Thursday, 28 August 2014

Maito and The Rate of Turnover of Capital - Part 2

If we examine the circuit, for a restaurant, what we see then is that such a restaurant has customers come in, who place orders. Variable capital is advanced, in the production process, (P) as labour-power, which takes the order, as well as the labour-power that cooks the food. Circulating constant capital is advanced in the form of electricity to power the till, to light and heat the restaurant etc., and in the form of the materials used in the food. In fact, in a fast food restaurant, payment for the food (M') will usually be made, even before the commodity has been supplied, but the circuit of this capital is really only complete at the point that the commodity has been supplied to the customer, and payment made, so that the above payment can be used to reproduce the consumed productive-capital, ready to fulfil the next order. It is complete, because not only is this money-capital then available to reproduce the productive-capital, but that productive-capital is itself already immediately on hand, in the form of a productive-supply, i.e. the workers are already there in place, and the materials are already on site, waiting to be advanced to the production process, to replace those consumed in the previous circuit. In reality, the circulating capital advanced is turned over in this way, not just on a daily basis, as I suggested previously, but many times, even just during a single day.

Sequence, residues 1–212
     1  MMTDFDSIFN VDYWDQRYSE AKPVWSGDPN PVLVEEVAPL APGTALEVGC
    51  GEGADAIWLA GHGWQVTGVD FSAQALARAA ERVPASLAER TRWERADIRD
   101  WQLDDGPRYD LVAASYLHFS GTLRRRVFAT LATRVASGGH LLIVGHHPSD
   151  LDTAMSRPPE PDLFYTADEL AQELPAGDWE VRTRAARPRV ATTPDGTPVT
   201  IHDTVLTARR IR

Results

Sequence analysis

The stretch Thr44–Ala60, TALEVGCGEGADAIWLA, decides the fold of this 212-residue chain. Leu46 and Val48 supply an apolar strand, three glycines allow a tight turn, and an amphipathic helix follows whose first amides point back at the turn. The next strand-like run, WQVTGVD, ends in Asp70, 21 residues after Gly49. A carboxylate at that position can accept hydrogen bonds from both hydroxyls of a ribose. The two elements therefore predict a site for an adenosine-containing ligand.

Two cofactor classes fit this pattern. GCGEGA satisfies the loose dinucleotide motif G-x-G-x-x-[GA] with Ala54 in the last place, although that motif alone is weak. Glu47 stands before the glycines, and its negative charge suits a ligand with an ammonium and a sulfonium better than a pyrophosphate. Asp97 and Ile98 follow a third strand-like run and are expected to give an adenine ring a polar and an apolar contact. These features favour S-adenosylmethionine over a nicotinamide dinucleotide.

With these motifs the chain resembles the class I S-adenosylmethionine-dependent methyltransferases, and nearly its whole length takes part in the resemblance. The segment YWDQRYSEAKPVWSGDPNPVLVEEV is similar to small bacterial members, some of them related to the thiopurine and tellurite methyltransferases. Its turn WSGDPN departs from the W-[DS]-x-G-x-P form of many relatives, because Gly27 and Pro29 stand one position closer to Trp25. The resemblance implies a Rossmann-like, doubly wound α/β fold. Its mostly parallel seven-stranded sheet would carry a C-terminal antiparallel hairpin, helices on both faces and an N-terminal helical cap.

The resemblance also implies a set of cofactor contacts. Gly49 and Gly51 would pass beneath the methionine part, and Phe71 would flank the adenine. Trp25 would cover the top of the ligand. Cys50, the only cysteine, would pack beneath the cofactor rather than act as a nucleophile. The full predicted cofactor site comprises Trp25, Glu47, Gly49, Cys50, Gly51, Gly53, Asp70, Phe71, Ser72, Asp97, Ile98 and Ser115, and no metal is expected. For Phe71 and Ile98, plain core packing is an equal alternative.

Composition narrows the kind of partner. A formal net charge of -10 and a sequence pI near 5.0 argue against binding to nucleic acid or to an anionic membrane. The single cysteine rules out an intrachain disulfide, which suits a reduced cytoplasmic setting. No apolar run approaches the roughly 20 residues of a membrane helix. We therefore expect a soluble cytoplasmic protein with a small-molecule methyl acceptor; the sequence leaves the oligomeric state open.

If you want a practical example of how that might occur, it would be of a pimp, who immediately takes the money paid to a prostitute, by a client, and, after taking out their profit and any expenses, pays the remainder to the prostitute, so that they can reproduce their labour-power, and continue to the next client.

If, on average, there are 500 customer orders completed during the day, the variable capital turns over 500 times, (in reality modified by how many orders are on average filled simultaneously) and this is not changed by the fact that, in practice, the value of the commodity is not used, after each completed circuit, to pay the workers, or to buy replacement material, used in that particular production process. The fact remains that, after the completion of each order, the circuit of capital has been completed, the capital required to reproduce the productive-capital, used in the commodity's production and circulation, has been realised, along with additional capital to cover the wear and tear of fixed capital, plus the relevant amount of surplus value, and sits in the till, available for use, or else has been transferred, by electronic means, into the company's bank account, equally available for use. In a 7 day week, the advanced circulating capital will have been turned over 3500 times, even before any money has been paid to workers as wages, or to cover payments to material suppliers.

In fact, if the workers are paid one month in arrears, and the material is supplied on the basis of payment within a month of receipt, no money-capital will need to be advanced for its purchase, because the required capital will be generated from the sale of commodities during that month, made possible by the advance of labour-power and circulating constant capital! That is one reason why Marx calculates the rate of profit on the current reproduction cost of this advanced capital value, and not on the historic money prices paid for it.